LONDON (Reuters) - The pound edged higher on Wednesday after inflation picked up in July, but the currency held within sight of a two-and-a-half year low as brewing concerns about a no-deal Brexit weighed on investor sentiment.
The consumer price index rose 2.1% year-on-year in July from 2% in June, above a Reuters poll forecast of a 1.9% increase. The Bank of England’s inflation target is 2%.
“Stronger than expected UK CPI inflation data this morning has a modest impact on the short end of the curve,” said Jane Foley, senior forex strategist at Rabobank.
“The move, however, has not been sufficient to distract attention from the pressure that has been exhibited on the longer end of the curve,” Foley said, referring to signs of a global recession and the risk of Britain crashing out of the European Union without a transition deal in place.
The U.S. Treasury yield curve inverted for the first time since 2007 on Wednesday. A curve inversion - when short-dated bond yields are higher more than their longer-dated counterparts - is seen as a reliable warning for an impending recession.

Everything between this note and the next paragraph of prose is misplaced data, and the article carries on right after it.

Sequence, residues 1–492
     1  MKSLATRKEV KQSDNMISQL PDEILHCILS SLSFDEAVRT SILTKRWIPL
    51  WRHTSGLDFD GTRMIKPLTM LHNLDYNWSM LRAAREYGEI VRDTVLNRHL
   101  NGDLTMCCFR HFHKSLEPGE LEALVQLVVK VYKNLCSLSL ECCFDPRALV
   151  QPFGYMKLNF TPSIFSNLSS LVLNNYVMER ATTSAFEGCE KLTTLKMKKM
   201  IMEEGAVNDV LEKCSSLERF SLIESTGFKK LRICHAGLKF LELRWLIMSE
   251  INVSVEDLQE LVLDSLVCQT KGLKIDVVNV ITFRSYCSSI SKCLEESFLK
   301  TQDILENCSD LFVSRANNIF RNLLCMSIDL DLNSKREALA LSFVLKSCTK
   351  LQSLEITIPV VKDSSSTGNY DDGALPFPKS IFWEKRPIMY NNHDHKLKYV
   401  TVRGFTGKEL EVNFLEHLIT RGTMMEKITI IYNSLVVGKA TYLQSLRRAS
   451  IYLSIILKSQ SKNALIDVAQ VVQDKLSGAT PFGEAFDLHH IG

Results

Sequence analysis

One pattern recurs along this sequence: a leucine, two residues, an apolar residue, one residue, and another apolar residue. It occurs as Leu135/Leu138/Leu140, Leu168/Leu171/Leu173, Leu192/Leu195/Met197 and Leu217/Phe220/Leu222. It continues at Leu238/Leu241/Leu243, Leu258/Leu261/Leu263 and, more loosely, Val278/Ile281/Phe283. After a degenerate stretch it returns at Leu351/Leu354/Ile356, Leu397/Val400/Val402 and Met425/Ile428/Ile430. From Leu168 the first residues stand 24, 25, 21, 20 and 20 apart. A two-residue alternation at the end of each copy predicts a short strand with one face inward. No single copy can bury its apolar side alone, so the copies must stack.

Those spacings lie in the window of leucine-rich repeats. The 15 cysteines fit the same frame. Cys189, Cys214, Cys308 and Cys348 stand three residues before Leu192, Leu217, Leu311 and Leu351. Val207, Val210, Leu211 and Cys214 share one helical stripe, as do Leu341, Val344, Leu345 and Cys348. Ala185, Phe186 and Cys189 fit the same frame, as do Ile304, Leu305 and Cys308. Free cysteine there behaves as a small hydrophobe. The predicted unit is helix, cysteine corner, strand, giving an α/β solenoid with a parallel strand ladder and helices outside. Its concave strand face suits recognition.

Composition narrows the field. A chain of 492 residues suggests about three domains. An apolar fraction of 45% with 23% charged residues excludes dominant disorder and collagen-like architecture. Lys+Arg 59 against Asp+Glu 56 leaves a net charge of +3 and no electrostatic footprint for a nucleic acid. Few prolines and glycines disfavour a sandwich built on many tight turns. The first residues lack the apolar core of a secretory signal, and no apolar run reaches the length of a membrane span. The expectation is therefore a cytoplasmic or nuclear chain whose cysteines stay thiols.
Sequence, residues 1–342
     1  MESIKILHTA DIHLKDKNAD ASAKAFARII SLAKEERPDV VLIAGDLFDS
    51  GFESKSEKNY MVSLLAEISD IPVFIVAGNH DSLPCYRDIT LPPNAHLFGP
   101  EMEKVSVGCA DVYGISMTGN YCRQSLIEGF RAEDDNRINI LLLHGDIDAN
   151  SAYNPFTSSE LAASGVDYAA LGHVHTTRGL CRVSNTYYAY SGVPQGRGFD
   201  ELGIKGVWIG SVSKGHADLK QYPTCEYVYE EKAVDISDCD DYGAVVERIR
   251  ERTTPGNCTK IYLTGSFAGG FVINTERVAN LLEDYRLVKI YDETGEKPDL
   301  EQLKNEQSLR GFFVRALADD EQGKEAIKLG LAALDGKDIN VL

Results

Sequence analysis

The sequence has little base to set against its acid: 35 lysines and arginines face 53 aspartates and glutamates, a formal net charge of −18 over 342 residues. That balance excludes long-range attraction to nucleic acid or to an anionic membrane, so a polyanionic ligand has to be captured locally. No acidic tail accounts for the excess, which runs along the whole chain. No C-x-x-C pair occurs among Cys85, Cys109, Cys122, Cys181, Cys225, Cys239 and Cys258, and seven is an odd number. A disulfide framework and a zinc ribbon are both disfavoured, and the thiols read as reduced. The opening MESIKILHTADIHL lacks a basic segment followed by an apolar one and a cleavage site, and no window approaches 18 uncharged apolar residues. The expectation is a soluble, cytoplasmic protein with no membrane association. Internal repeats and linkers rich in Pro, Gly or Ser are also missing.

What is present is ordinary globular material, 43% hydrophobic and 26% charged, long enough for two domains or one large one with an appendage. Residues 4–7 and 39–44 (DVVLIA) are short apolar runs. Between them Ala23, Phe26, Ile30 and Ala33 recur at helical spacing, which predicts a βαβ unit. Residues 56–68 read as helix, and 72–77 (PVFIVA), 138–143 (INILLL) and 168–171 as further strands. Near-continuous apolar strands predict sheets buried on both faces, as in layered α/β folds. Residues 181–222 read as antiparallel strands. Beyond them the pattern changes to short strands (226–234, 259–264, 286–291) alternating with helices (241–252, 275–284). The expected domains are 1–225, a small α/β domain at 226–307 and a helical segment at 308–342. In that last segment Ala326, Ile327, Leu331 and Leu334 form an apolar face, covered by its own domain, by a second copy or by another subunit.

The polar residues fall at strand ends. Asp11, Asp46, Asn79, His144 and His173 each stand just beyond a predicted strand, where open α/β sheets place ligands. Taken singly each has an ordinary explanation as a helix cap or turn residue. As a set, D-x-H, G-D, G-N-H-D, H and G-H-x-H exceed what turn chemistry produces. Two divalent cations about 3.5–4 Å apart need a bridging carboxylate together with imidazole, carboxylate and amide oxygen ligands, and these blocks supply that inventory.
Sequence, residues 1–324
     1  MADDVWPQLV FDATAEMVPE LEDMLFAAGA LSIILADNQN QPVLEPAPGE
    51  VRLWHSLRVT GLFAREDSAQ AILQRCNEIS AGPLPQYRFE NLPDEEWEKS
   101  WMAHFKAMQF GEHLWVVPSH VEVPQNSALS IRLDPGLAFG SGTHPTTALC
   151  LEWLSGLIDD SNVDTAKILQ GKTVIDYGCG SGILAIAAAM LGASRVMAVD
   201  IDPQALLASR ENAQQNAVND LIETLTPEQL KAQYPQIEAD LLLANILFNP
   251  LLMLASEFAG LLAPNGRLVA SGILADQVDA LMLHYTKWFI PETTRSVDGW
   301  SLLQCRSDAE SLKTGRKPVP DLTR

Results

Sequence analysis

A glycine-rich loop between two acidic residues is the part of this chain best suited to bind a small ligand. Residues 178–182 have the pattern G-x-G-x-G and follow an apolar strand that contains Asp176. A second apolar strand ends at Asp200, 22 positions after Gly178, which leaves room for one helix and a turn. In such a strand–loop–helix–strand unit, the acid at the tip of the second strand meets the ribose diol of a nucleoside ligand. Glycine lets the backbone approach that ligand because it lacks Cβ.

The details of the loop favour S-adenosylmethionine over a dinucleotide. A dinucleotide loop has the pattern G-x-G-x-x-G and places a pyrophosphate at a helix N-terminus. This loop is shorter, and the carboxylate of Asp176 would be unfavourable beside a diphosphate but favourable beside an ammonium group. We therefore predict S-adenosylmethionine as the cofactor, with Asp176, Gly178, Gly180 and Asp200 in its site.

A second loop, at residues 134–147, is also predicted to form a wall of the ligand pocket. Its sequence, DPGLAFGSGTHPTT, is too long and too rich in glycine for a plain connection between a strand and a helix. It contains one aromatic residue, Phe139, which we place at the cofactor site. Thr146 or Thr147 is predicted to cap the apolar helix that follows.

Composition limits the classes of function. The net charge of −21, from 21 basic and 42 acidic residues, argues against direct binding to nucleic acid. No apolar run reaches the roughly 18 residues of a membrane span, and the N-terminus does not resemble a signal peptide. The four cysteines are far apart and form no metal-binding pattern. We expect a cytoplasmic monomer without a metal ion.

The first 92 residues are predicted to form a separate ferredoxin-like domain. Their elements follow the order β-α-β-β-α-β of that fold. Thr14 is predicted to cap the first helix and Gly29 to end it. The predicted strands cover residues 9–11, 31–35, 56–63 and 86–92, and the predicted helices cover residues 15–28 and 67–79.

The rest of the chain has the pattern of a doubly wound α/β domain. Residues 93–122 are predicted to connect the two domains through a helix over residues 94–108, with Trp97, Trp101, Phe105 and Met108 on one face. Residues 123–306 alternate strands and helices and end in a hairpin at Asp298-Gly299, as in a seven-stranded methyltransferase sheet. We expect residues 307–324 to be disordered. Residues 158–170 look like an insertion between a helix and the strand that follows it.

The drop in bond yields sent a chill through global markets.
Against the dollar GBP=D3, the pound was up 0.1% at $1.2074, above a low of $1.2015 hit on Monday, its weakest since January 2017. Versus the euro EURGBP=D3, the British currency was ahead slightly at 92.615 pence.
Higher inflation would normally translate into higher interest rates, and therefore a stronger currency. But with the potential for a no-deal Brexit rising as the Oct. 31 deadline approaches, the central bank is likely to remain in a wait-and-see mode until there is clarity, analysts say.
Presently, money markets price in an interest rate cut by the Bank of England before May 2020.
Sentiment towards the pound has soured as some investors increasingly anticipate a no-deal Brexit while others are expecting increased political uncertainty in the coming months.
Prime Minister Boris Johnson, who took office last month, has pledged to leave the European Union on Oct. 31 with or without an agreement on the terms of Britain’s departure. The EU has said it will not renegotiate an accord reached by his predecessor Theresa May but rejected by the British parliament.
Reporting by Saikat Chatterjee and Olga Cotaga; Editing by Mark Heinrich